When the Rev. Dr. Martin Luther King, Jr., was awarded the Nobel Peace Prize in 1964, it was greeted with much satisfaction by those associated with the American Friends Service Committee. For one thing, AFSC had nominated him for the prize, a privilege of all former recipients. For another thing, AFSC had many connections with King in the 1950s and '60s, and its social action during that time was interwoven with the Civil Rights Movement.
King urges Quakers to join the Montgomery Bus Boycott
The beginning of this story is familiar: Rosa Parks, an African-American, refused to give up her seat to a white person on a Montgomery, Alabama, bus in the summer of 1955. Her arrest resulted in a boycott of the local transportation system by Montgomery's African-American community.
The boycott was thoroughly discussed at the United Philadelphia Yearly Meeting in March 1956—along with the astonishing Gandhian methods used by a young Montgomery clergyman, Martin Luther King, Jr., in leading the boycott. Initially, the yearly meeting was unable to come to consensus about whether it should send a letter to people in Montgomery regarding the difficult racial situation.
However, at the next session, the secretary of the Yearly Meeting Peace Committee reported he had spoken to King by telephone about the possibility of sending a delegation of Friends to visit Montgomery. King welcomed the idea. The yearly meeting appointed three Friends to go, one of whom was Clarence Pickett, then executive secretary emeritus of AFSC. This became one of the earliest occasions on which someone affiliated with AFSC came in contact with King.
The delegation spent several days in Montgomery learning about the situation and talking to various community leaders. They were impressed by King's leadership and his nonviolent approach.
AFSC arranges for King to go to India
In 1959, after King became internationally known from the Montgomery boycott, AFSC arranged an invitation for him to visit India on a pilgrimage to the people and places associated with Mahatma Gandhi. He and his wife, Coretta Scott King, traveled in India under the auspices of the Gandhi Memorial Trust. They were accompanied by Jim Bristol, an AFSC representative serving in Delhi.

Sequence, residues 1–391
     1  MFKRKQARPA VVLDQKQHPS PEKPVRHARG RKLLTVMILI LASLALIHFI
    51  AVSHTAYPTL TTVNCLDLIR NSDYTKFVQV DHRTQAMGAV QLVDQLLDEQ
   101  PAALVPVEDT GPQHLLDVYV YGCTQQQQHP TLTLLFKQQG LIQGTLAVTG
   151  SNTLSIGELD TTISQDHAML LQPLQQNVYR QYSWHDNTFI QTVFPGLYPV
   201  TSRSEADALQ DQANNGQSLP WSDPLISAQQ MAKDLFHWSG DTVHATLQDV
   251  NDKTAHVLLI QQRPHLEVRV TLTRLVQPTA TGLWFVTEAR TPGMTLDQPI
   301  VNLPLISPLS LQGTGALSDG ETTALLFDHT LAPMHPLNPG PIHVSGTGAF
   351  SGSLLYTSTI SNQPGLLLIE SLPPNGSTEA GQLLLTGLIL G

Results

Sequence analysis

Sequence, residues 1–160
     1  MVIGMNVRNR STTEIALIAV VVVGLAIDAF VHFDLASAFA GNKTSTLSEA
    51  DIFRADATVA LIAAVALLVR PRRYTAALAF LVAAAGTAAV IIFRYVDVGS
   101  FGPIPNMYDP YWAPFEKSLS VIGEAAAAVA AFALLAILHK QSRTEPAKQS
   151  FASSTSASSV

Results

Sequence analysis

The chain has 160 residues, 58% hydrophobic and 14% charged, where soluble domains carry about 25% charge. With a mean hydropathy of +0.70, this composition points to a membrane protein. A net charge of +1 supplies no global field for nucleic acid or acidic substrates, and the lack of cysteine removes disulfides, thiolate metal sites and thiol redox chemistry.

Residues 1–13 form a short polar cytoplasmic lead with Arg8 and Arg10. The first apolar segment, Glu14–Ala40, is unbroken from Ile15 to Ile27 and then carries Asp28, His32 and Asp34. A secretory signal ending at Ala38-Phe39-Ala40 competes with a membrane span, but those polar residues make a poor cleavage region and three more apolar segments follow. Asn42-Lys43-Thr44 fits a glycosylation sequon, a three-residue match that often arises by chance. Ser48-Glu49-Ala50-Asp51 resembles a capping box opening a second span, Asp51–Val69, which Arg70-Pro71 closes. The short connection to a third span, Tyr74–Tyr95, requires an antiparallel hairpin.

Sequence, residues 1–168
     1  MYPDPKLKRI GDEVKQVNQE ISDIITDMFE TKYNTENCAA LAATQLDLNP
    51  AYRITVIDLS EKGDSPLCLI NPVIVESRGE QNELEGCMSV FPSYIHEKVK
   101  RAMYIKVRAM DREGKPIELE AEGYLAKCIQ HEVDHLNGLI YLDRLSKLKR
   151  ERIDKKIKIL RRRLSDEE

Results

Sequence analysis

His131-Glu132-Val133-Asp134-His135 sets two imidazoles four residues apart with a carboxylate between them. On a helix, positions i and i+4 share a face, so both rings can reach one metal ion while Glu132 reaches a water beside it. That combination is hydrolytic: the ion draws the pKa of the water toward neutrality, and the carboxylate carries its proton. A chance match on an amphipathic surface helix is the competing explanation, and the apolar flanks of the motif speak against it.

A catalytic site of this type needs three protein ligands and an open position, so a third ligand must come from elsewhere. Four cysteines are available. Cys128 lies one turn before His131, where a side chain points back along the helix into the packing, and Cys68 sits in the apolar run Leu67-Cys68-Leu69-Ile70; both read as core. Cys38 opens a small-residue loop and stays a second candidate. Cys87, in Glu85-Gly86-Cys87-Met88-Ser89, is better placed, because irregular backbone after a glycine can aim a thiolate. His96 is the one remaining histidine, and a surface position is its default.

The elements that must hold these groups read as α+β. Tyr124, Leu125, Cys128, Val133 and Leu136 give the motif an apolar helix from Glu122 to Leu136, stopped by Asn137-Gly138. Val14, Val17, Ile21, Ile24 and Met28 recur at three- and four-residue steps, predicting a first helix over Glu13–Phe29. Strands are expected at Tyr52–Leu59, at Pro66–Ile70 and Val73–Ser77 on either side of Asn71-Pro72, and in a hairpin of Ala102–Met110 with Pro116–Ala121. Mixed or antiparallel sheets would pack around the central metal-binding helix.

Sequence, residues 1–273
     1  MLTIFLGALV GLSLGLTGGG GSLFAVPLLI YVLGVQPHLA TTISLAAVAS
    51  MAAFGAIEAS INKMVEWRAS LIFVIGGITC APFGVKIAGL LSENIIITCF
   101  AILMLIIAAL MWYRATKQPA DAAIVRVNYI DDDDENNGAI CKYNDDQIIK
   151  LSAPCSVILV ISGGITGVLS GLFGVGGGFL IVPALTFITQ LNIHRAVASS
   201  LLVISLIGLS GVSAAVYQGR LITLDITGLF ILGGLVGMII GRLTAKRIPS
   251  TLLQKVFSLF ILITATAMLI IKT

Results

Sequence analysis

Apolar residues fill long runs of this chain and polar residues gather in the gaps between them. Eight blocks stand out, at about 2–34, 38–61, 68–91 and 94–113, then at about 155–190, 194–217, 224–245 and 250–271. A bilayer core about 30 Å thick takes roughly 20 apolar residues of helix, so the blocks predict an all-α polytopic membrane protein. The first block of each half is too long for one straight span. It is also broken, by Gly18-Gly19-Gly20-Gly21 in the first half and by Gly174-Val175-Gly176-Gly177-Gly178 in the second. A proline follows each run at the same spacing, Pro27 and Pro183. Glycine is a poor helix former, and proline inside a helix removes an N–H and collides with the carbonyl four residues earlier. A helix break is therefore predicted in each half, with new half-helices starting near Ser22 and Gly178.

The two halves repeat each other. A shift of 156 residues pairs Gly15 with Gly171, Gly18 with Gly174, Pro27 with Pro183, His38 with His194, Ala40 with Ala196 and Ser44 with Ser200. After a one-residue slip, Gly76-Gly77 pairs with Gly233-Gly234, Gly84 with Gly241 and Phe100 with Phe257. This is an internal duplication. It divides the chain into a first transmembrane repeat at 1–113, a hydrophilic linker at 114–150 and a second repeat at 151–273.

Writing much later about this trip, Jim Bristol said the Kings' visit and the reception they received in India confirmed their nonviolent convictions and practices (rather than forming them, as people later asserted). Furthermore, Jim Bristol believed that the Kings accepted the inevitability that Martin would be killed some day. Following Gandhi's trail must have reinforced rather than diminished this sense of being under sentence. "It was only a matter of time; that, they knew and accepted. Yet this never made them prudent or cautious."
AFSC publishes "Letter from Birmingham City Jail"
AFSC's civil rights efforts paralleled much of King's activities and intersected them at several important points. In 1963, when King was jailed in Birmingham for leading a nonviolent demonstration against segregation, he was criticized in a statement by eight white religious leaders. In response, he wrote "Letter from Birmingham City Jail," published by AFSC, in which he spoke powerfully of the great freedoms rooted in our religious faith and national principles.
In his letter, King writes “I have almost reached the regrettable conclusion that the Negro’s great stumbling block in the stride toward freedom is not the White Citizens Councillor or the Ku Klux Klanner but the white moderate who is more devoted to order than to justice; who prefers a negative peace which is the absence of tension to a positive peace which is the presence of justice; who constantly says, ‘I agree with you in the goal you seek, but I can’t agree with your methods of direct action’; who paternalistically feels that he can set the timetable for another man’s freedom; who lives by the myth of time; and who constantly advises the Negro to wait until a ‘more convenient season.’”
This letter became so popular that AFSC printed and distributed several hundred thousand copies in advance of the March on Washington, endorsed by AFSC's Board of Directors.
AFSC endorses the Poor People's Campaign
Organized by the Southern Christian Leadership Conference (SCLC) and led by King, the Poor People's Campaign mobilized tens of thousands of people across the country to demand economic justice in 1968.
Said King: "America is at a crossroads of history, and it is critically important for us as a nation and a society to choose a new path and move upon it with resolution and courage. In this age of technological wizardry and political immorality, the poor are demanding that the basic needs of people be met as the first priority of our domestic program."
AFSC was one of the principal endorsers of the Poor People's Campaign. AFSC’s Barbara Moffet worked directly with King and SCLC to develop the campaign's platform. After King was assassinated on April 4, 1968, organizers decided to continue the campaign in King’s honor, and AFSC and others mobilized people across the country to come to Washington, D.C. for two weeks of protest.
An important shift in Quaker testimony and AFSC's work
Years later, longtime staff and committee member Steve Cary said that King and the Civil Rights Movement played a big role in AFSC's evolving understanding of nonviolence. Originally seen as a testimony against war, the Quaker stand against violence expanded to include the roots of violence—injustice, poverty, and oppression.
Adapted from text written by Jack Sutters, former AFSC archivist